The Huainanzi: A Guide to the Theory and Practice of Government in Early Han China, by Liu An, King of Huainan

The Huainanzi: A Guide to the Theory and Practice of Government in Early Han China, by Liu An, King of Huainan

Hardback Translations from the Asian Classics (Hardcover)

By (author) Liu An, By (author) John S. Major, By (author) Sarah A. Queen, By (author) Andrew Seth Meyer, By (author) Harold D. Roth, Translated by John S. Major, Translated by Sarah A. Queen, Translated by Andrew Seth Meyer, Edited by Harold D. Roth

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  • Publisher: Columbia University Press
  • Format: Hardback | 1016 pages
  • Dimensions: 163mm x 236mm x 56mm | 1,293g
  • Publication date: 30 April 2010
  • Publication City/Country: New York
  • ISBN 10: 0231142048
  • ISBN 13: 9780231142045
  • Illustrations note: 2 tables in the interior
  • Sales rank: 332,173

Product description

Compiled by scholars at the court of Liu An, king of Huainan, in the second century B.C.E, The Huainanzi is a tightly organized, sophisticated articulation of Western Han philosophy and statecraft. Outlining "all that a modern monarch needs to know," the text emphasizes rigorous self-cultivation and mental discipline, brilliantly synthesizing for readers past and present the full spectrum of early Chinese thought. The Huainanzi locates the key to successful rule in a balance of broad knowledge, diligent application, and the penetrating wisdom of a sage. It is a unique and creative synthesis of Daoist classics, such as the Laozi and the Zhuangzi; works associated with the Confucian tradition, such as the Changes, the Odes, and the Documents; and a wide range of other foundational philosophical and literary texts from the Mozi to the Hanfeizi. The product of twelve years of scholarship, this remarkable translation preserves The Huainanzi's special rhetorical features, such as parallel prose and verse, and showcases a compositional technique that conveys the work's powerful philosophical appeal. This path-breaking volume will have a transformative impact on the field of early Chinese intellectual history and will be of great interest to scholars and students alike.

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Author information

John S. Major, formerly professor of history at Dartmouth College, is an independent scholar and writer. He is the author of Heaven and Earth in Early Han Thought: Chapters Three, Four, and Five of the Huainanzi and the author, coauthor, or editor of almost thirty other books, including Defining Chu: Image and Reality in Ancient China. Sarah A. Queen, professor of history at Connecticut College, is the author of From Chronicle to Canon: The Hermeneutics of the Spring and Autumn, According to Tung Chung-shu. Her current work includes a translation and study of the Luxuriant Gems of the Spring and Autumn (with John S. Major) and an edited volume, Liu An's Vision of Empire: New Perspectives on the Huainanzi (with Michael Puett). Andrew Seth Meyer, assistant professor of history at Brooklyn College, is the author of several articles, including "The Sunzi bingfa as History and Theory." His current projects are To Rule All Under Heaven, a history of the Warring States period (481-221 B.C.E.), and a translation of the Wenzi (with Harold D. Roth). Harold D. Roth, professor of religious studies and East Asian studies at Brown University, is the author or editor of four books and more than forty scholarly articles. His books include The Textual History of the Huai-nan tzu and Original Tao: Inward Training and the Foundations of Taoist Mysticism. Michael Puett, professor of Chinese history at Harvard University, is the author, most recently, of Ritual and Its Consequences: An Essay on the Limits of Sincerity. Judson Murray, assistant professor of religion at Wright State University, is the author of "A Study of 'Yaolue,' 'A Summary of the Essentials': Understanding the Huainanzi Through the Point of View of the Author of the Postface."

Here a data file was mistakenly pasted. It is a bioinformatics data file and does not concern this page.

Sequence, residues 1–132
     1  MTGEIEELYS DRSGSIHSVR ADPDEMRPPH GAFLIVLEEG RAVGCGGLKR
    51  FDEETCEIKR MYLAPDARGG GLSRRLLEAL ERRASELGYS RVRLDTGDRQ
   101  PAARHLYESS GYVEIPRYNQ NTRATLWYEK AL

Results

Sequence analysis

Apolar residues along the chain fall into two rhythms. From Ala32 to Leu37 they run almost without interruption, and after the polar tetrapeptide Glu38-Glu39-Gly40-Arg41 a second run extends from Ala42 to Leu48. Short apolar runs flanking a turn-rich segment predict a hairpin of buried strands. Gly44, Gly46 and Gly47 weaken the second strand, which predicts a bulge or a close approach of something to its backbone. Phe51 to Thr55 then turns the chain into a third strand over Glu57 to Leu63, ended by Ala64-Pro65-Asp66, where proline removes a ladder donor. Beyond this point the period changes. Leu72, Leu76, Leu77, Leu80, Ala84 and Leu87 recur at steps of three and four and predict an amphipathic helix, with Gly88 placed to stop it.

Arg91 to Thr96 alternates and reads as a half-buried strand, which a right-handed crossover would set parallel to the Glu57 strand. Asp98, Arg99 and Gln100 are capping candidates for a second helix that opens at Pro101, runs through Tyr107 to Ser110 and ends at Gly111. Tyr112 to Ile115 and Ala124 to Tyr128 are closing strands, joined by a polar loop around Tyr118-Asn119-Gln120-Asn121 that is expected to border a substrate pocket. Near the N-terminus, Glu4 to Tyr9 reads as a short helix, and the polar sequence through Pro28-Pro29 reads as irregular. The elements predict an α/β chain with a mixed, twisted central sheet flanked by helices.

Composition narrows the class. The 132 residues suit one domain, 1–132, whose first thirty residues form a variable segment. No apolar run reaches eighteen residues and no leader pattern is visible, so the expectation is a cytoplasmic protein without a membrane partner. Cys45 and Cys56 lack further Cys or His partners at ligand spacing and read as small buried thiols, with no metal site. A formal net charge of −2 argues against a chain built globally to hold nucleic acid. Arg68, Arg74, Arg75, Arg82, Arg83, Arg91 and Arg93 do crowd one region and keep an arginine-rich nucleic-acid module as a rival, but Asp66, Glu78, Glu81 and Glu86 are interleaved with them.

Review quote

An excellent and richly annotated translation. -- Moss Roberts Journal of the American Oriental Society Vol 130, no2 (2010) Users of this magnificent contribution to the study of Chinese thought will find here almost everything imaginable. -- Russell Kirkland Religious Studies Review Vol 37, No 2 It is a major accomplishment in every sense of the term. -- Mark Csikszentmihalyi Journal of Chinese Studies No 54, January 2012 In sum, this volume bringing to annotated translation all 21 chapters of the Huainanzi will invaluably ease and enhance the work of future scholars. -- Benjamin E. Wallacker Journal of Asian History Vol 45, No 1, 2011 [An] epochal achievement... The Huainanzi vibrates with the authors' intellectual confidence... this translation of the Huainanzi is a convenient and reassuring shortcut into the heart of traditional China. -- Barbara Hendrischke Monumenta Serica Vol 59, 2011 This English version earns for the Huainanzi the widespread recognition as anepochal classic that it deserves, and at the same time provides a resource forspecialists. The translations are carefully thought out but evocative. China Review International Vol 18, No 4 2011

Table of contents

AcknowledgmentsIntroduction1. Originating in the Way2. Activating the Genuine3. Celestial Patterns4. Terrestrial Forms5. Seasonal Rules6. Surveying Obscurities7. Quintessential Spirit8. The Basic Warp9. The Ruler's Techniques10. Profound Precepts11. Integrating Customs12. Responses of the Way13. Boundless Discourses14. Sayings Explained15. An Overview of the Military16. and 17. A Mountain of Persuasions and A Forest of Persuasions18. Among Others19. Cultivating Effort20. The Exalted Lineage21. An Overview of the EssentialsAppendix A. Key Chinese Terms and Their TranslationsAppendix B. Categorical TermsAppendix C. A Concise Textual History of the Huainanzi and a Bibliography of Huainanzi StudiesIndex